By Jonathan Northrop - Angelswin.com Columnist
This is the fourth part in a seven-part series. The previous three parts can be found here:
- Part One: Intro and Catcher
- Part Two: First Base and Designated Hitter
- Part Three: The Middle Infield
There's No Glausing Over It: A Troublesome Recent Past
As I mentioned in Part One, recent history for the Angels has been particularly problematic at catcher and third base. Both positions carry, for different reasons, a patina of infamy. At catcher you have the Saga of Mathis and Napoli, at third base you have a position that has been unstable for nearly a decade. A decade, you say? Wasn't Troy Glaus an Angel through 2004?
Let's dial back to the end of the 20th century. Troy Glaus was part of a very promising generation of young third basemen that included Scott Rolen as the elder statesman (the NL Rookie of the Year in 1997), followed by Eric Chavez, Fernando Tatis, Adrian Beltre, and Aramis Ramirez--all making their debuts in 1997 or 1998. Like many of those players, greatness was expected of Glaus who, after leading the AL with 47 home runs and with an OPS of 1.008 (and an 8.3 WAR) in 2000, looked like a superstar in the making--all at the relatively tender age of 23. Granted, it was the height of the "Roidball" era and Glaus was later indicated as a user, but that kind of offensive production was nothing to sneeze at. When Glaus' numbers fell to 41 HR/.898 OPS in 2001 Angels fans thought it was a slight down-turn but weren't too worried. But then in 2002, his numbers dropped further to 30 HR/.805 OPS and it looked like Glaus wasn't going to be a superstar after all, merely a star or borderline star. But a World Series MVP performance eternally ingratiated fans to Glaus and he was expected to man the hot corner for the next decade.
2002 was the last year that Glaus played a full season for the Angels. In 2003 and 2004 he totalled 149 games and then, after the 2004 season, he was released to the waters of free agency. Why was he, just 27 years old, let go of? The Angels had a top prospect by the name of Dallas McPherson who had, in 135 games in AA and AAA in 2004, hit an astounding .317/.387/.670 with 90 extra base hits, including 40 HR. The Angels felt confident that McPherson would more than fill in for the injury-prone Glaus, and at a less expensive cost.
It just wasn't in the cards. McPherson battled injury for the next two years, playing 61 games in 2005 and then 40 in 2006. During those two years he would follow a pattern of starting slow, getting hot and then sustaining an injury. Then, after rehabbing, he'd come back and start the cycle all over again. Finally, after missing all of 2007 to injury, the Angels released him after the season. Glaus, meanwhile, re-established himself, hitting 75 HR in 2005 and 2006, the two years that McPherson struggled to stay healthy enough to remain in the lineup. Glaus hit another 20 HR in 2007, 27 in 2008, then missed most of 2009 and struggled in 2010 before retiring with 320 HR and a .254/.358/.489 line - a very nice career, although not quite what had been hoped for after his 2000 career year.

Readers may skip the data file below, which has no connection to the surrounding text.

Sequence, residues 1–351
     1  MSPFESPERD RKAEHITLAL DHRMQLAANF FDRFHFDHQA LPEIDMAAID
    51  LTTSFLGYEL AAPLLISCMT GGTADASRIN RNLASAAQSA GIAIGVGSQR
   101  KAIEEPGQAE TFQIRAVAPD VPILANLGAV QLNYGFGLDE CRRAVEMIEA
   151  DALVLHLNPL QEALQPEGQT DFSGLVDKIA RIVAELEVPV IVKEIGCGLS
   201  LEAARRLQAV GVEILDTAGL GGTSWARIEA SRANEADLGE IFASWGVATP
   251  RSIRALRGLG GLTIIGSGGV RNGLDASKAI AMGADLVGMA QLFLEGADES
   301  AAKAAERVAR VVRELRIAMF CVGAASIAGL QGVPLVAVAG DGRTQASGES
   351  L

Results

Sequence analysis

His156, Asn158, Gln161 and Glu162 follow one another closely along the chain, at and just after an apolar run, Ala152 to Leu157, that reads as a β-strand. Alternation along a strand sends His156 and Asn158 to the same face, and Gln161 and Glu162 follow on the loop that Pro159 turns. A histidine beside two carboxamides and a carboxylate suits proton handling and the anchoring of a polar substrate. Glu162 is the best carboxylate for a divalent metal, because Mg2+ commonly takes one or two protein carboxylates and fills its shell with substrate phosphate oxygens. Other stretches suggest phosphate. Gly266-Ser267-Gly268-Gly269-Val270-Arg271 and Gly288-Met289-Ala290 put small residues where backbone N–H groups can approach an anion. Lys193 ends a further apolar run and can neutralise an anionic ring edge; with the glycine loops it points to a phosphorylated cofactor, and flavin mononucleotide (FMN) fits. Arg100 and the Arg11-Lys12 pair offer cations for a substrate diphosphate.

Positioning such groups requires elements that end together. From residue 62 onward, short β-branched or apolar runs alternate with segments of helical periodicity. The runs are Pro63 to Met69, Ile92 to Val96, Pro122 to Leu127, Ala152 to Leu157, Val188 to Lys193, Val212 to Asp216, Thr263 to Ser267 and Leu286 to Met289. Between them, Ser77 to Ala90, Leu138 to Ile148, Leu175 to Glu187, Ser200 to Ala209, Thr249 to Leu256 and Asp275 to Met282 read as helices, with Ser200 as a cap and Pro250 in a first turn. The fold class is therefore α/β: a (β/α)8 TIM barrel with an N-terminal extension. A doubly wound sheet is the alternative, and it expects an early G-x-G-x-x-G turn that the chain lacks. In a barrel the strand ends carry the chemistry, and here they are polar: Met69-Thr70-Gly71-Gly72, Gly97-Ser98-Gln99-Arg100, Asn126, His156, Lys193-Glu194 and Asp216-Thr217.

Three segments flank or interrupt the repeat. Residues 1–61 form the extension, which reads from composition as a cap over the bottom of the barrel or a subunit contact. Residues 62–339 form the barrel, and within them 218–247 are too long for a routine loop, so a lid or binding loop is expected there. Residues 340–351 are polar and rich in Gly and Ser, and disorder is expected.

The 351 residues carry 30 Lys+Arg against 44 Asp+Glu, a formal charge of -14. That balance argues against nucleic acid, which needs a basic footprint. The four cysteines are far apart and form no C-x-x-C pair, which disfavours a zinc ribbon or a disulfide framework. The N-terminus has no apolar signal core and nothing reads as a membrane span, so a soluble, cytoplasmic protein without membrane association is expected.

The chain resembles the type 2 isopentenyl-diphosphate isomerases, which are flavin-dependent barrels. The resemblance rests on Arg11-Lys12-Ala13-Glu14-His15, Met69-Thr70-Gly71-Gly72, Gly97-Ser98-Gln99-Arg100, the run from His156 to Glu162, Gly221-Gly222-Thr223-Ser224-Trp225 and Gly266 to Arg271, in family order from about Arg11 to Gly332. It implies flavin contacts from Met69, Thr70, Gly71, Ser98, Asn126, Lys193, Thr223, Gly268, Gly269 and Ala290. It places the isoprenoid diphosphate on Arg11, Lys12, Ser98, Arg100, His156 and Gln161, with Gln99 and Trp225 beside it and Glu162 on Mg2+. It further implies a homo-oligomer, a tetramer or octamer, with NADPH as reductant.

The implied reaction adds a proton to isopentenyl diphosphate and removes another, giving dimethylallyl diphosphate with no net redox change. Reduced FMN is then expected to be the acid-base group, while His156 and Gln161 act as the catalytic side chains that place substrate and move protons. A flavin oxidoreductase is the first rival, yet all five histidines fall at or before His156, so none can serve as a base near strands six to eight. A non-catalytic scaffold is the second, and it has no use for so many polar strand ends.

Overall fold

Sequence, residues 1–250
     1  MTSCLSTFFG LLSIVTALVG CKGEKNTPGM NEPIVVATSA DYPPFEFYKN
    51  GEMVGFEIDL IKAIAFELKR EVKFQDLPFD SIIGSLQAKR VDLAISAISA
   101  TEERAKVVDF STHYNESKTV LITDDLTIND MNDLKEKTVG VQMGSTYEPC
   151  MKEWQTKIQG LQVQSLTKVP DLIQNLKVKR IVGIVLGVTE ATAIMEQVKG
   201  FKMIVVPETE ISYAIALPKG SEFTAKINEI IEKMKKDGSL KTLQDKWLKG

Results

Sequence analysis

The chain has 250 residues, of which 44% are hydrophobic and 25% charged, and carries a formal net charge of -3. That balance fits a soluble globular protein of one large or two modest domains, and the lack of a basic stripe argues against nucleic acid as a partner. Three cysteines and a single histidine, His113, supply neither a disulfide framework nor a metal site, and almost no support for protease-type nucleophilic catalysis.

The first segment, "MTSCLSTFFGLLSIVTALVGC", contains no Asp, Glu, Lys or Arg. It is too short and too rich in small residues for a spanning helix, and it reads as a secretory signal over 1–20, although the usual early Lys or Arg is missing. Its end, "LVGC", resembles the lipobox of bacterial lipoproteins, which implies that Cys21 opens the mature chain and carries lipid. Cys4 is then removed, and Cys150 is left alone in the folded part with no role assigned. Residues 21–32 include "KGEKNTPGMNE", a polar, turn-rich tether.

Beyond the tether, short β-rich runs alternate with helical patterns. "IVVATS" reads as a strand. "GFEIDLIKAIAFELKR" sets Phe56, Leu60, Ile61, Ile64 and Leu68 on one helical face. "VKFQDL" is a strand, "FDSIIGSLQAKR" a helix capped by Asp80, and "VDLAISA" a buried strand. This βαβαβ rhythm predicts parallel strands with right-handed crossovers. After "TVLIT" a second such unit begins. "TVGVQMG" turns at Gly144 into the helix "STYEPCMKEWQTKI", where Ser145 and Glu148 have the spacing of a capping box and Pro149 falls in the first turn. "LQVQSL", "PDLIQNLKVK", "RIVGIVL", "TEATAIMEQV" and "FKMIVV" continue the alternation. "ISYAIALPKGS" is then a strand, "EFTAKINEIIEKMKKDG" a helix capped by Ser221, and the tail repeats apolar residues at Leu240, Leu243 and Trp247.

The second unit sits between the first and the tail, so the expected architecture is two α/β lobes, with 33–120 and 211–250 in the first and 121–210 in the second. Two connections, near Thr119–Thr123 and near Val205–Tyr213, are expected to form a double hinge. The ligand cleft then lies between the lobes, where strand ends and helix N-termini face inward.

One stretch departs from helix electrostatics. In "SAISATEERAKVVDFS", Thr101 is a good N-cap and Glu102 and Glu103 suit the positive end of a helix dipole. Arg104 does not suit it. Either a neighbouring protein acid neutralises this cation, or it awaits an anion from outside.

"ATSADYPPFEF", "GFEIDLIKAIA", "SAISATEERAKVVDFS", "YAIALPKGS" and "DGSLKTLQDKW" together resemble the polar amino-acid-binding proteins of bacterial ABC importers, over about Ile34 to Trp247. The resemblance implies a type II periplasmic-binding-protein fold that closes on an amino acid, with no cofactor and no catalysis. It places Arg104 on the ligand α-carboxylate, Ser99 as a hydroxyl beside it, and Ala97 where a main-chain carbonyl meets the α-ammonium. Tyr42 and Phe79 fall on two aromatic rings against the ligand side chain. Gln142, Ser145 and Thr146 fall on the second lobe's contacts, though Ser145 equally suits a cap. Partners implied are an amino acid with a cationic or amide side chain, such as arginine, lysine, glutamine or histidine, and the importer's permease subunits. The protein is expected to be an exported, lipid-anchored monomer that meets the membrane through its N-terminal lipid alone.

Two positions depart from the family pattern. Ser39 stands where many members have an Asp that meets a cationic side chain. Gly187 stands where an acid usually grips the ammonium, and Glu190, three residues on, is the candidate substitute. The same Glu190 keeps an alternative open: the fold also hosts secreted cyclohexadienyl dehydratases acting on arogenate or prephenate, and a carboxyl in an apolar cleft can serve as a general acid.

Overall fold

The Angels attained stability at the corner for a few years in 2007 to 2009 when Chone Figgins, previously a super utility player, took over, sharing duties with Maicer Izturis in the first couple years. By the time that Chone was the full-time third baseman during his career year in 2009, he was an excellent defensive player. But the Angels decided to let him go after the season because they hoped that another (former) top prospect, Brandon Wood, would take over. Despite the fact that some analysts panned the Angels for letting Figgins go to division rival Seattle, the decision turned out to be a wise one as Chone completely fell apart in Seattle and is now a bench player (Angels fans may enjoy the irony that sportswriter Rob Neyer called Figgins a "superstar" after he was signed by--and flopped for--his hometown Mariners).
Which brings us to Brandon Wood. The 23rd pick in the 1st round of the 2003 amateur draft, Wood didn't really breakout as a top prospect until his monumental 2005 season when he hit .321/.381/.667 with 101 extra-base hits, mainly for A+ Rancho Cucamonga at the age of 20. Wood vaulted up the prospect charts and it has been all down hill for him since. His numbers were still good, but more modest, in AA the following year, when he hit .276/.355/.552 with 71 extra base hits. His numbers dropped further in AAA the following year and he spend the better part of three years--2007-09--in AAA, waiting for his chance to break into the lineup. At first, as a shortstop, he was competing with Erick Aybar, but Scioscia seemed to prefer the slicker-fielding Aybar who won the starting job in 2008, while Wood struggled in a month and a half long stint in the majors. Wood spent most of 2009 back in AAA and then got another chance in 2010 after Figgins departed, but was an absolute flop, hitting .146/.174/.208 in 243 PA, one of the worst performances with that many appearances in major league history. Just six games into the 2011 season and Wood was selected off waivers by the Pittsburgh Pirates. In Pittsburgh he wasn't quite as terrible but still managed only a .220/.277/.347 line.